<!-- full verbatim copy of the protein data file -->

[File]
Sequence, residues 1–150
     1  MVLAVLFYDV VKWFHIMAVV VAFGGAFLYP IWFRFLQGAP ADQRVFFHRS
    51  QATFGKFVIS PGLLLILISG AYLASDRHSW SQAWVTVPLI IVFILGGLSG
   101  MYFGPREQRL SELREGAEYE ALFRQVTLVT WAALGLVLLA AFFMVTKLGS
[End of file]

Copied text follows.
Sequence, residues 1–150
     1  MVLAVLFYDV VKWFHIMAVV VAFGGAFLYP IWFRFLQGAP ADQRVFFHRS
    51  QATFGKFVIS PGLLLILISG AYLASDRHSW SQAWVTVPLI IVFILGGLSG
   101  MYFGPREQRL SELREGAEYE ALFRQVTLVT WAALGLVLLA AFFMVTKLGS